Once upon a time there was an influential collective called Black Dog Productions producing colourful, if minimalistic, electronica. Following some turbulent times between the original trio, the collaborations of Ed Handley and Andy Turner eventually evolved into Plaid, an instrumentally challenging collective that fuses electro, shades of hip-hop and keyboard-soaked techno. Last year they released 'Trainer' - a compilation of older BDP works and new Plaid material - to critical acclaim. This juxtaposition of old and new was as important a project as it was interesting. "We didn't have copies of some of the older material having given them away over the years so it was nice to get it all packaged together on vinyl. It was also fun to wade through cassettes and DATs from that era and we included a few tracks on 'Trainer' that were previously unreleased," says Turner.

Their much-anticipated new album 'Double Figure' is released at the end of May and promises to be a more upbeat, less opaque collection if 'Squance' (a preview track downloadable from the Warp website) is anything to go by. Turner reckons it's more cohesive than their previous work: "It's fairly similar in form to our last two albums in that there are 19 five-minute tracks and we've tried to link it together a bit more so that it runs as more of a continuous piece. We've also mixed it a bit heavier than the last album and we've tried to achieve a variety of moods on it. Having said that, this isn't a concept album, there's no overall theme to the record. In terms of the recording process, for us it's more of a routine, we're pretty sad in that we come in every day to work and because there's always something to potter around with, the studio has a bit of a garden shed feel to it! By working this way the ideas tend to build fairly slowly and things come together organically. Sometimes you write a track in an evening, but there's usually quite a lot of tweaking goes on with it after that. We don't have to lock ourselves away to sit down and write an album."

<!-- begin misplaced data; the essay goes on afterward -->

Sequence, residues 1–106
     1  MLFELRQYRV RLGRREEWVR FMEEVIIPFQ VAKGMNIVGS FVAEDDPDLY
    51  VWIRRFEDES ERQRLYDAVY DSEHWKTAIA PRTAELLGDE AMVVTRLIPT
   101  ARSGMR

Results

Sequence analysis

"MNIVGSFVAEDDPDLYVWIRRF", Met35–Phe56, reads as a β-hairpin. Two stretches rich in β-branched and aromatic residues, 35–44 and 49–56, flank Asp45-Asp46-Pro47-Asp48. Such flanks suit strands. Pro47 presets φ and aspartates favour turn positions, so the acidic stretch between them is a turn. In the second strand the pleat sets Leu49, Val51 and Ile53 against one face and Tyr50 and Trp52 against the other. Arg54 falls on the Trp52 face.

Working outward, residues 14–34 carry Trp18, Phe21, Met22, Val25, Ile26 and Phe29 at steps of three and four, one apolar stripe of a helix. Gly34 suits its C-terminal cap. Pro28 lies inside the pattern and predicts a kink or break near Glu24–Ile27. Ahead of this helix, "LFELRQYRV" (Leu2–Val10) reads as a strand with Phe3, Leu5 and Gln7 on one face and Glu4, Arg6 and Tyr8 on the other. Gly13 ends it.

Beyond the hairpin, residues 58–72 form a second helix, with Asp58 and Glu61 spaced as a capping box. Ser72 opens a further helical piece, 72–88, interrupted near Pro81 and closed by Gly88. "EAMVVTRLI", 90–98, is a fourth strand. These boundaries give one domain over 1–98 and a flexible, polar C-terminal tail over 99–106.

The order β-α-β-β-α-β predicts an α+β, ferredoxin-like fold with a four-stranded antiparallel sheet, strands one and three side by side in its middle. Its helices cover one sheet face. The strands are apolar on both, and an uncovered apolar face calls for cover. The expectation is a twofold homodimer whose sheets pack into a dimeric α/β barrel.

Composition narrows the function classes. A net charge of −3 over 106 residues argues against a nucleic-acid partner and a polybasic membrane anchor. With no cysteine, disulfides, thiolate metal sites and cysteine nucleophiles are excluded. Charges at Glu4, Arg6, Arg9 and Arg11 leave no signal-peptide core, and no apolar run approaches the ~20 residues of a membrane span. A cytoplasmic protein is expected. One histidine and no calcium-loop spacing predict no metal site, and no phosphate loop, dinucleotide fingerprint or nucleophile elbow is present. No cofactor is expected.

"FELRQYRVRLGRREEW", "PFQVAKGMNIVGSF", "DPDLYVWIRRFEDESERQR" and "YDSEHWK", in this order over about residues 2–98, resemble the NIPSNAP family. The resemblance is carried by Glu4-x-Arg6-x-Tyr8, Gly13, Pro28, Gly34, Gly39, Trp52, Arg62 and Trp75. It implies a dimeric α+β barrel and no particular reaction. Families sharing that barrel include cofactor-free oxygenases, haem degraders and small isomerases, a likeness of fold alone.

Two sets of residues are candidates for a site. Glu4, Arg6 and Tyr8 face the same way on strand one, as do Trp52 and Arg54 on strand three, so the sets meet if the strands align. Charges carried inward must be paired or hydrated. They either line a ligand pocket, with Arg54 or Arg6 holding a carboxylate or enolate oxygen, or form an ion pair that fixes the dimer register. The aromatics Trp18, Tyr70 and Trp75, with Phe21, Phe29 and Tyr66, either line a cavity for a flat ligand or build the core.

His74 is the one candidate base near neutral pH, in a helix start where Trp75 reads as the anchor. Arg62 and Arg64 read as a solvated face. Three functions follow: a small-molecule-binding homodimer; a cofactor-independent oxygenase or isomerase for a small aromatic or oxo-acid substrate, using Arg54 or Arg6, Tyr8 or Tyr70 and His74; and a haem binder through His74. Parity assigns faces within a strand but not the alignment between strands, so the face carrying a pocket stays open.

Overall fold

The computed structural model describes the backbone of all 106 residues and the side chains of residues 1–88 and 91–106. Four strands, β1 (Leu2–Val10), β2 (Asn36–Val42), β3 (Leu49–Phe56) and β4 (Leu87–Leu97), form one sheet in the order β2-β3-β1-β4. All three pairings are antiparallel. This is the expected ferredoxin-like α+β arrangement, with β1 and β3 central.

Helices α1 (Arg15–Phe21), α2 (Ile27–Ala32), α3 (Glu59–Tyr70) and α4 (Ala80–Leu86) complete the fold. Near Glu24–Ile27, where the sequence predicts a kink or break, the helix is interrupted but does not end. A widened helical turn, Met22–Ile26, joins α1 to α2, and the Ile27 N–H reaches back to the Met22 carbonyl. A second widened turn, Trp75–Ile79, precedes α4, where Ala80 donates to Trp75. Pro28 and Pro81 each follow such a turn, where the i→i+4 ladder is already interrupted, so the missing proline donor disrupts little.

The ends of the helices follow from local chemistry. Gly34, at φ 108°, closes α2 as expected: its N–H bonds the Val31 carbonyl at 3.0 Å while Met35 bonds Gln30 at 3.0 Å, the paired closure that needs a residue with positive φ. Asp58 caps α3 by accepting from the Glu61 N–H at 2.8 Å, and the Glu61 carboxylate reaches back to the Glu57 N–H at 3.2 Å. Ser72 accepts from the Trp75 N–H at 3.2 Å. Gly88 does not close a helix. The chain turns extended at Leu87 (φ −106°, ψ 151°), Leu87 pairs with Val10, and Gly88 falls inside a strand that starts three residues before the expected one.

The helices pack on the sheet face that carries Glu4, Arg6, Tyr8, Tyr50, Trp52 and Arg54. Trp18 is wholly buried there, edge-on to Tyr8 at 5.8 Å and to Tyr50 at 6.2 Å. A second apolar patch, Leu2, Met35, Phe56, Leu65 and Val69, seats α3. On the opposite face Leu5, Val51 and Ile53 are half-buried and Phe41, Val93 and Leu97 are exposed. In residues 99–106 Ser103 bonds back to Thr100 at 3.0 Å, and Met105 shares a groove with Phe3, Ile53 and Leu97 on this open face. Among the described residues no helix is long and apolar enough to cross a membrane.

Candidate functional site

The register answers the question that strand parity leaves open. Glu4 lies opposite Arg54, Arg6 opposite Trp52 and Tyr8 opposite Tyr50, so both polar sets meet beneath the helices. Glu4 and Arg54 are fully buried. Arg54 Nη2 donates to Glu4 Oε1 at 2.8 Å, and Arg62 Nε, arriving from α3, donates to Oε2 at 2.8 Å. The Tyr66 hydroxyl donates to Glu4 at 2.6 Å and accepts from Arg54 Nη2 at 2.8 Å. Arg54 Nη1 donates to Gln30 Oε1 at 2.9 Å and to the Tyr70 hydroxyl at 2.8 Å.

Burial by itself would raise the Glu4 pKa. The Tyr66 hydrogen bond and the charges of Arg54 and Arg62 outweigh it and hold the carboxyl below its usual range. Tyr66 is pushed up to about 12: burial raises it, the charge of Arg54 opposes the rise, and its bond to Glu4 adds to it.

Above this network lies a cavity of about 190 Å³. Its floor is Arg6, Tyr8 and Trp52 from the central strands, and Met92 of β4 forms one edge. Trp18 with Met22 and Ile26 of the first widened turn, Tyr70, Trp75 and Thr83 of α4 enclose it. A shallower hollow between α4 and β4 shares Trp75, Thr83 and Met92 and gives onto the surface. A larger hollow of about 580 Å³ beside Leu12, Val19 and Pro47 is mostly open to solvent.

As well as writing, composing, playing and producing all of their own music, they have worked extensively as producers with various artists. Perhaps the best known works on their production CV are Björk's 'Army of Me' and 'Isobel', but they have also worked with electro-analogue exponent Plus One and on Kushti's 'Secret Handshakes' as well as providing remix services for Grandmaster Flash, Deee-lite, label-mates Autechre and Ninja Tune's Funky Porcini. "In general we really like collaborating with other people because you get to take a different angle on something," says Turner. "It's also good not to be in the driving seat all the time and to let somebody else do it while you play the engineer. It's the same with working with vocalists, as that's an instrument we don't really have access to and we've been really lucky to work with some great singers."

Plaid have also worked under the pseudonyms of Atypic, Balil and Tura, but far from propagating the myth that electronic outfits are inaccessible, faceless knob-twiddlers it was actually done for very practical reasons according to Turner: "For us, using different monikers was for very different reasons like the fact that we were in recording contracts under one artist name. We had written lots of material and it was just a case of really wanting to release it. Creating those other personas was just another way of getting ideas out."

Whether under their most fated moniker, Plaid, or any of the above, the duo's following is quite an international one, with recent gigs in France, Spain and Norway. It has taken a while to recover after Black Dog Productions came to an end, but according to Turner, "The gigs have been going really well now that we've built back up a good set to play to a club audience." Plaid were formerly signed to Nothing Records (the label owned by Nine Inch Nail's Trent Reznor) in the US but these days Warp handle the US distribution for an enthusiastic, albeit niche, market.

Once heralded as the stalwarts of "intelligent techno", one wonders if there's anything but obscurantist electronica on the Plaid turntable. "I'm listening to quite a lot of ska stuff because Mark from Plone (other Warp electrophiles) got me into it on the tour bus, particularly The Skatilites. My girlfriend is really into R 'n' B so I tend to hear a lot of MTV stuff. I like some, not all, of it but I quite like the new Missy Elliot track ['Get Ur Freak On']." Faceless techno? No way, these boys are normal ska-lovin', hip-hop boys after all – they just happen to have a handle on squat depleted beats and mystic electronica. Miss them this Saturday at your peril.

Sinéad Gleeson

Plaid play the Temple Bar Music Centre on Saturday, 21 April (Doors 11pm) The new album 'Double Figure' is out on Warp Records on 28 May 2001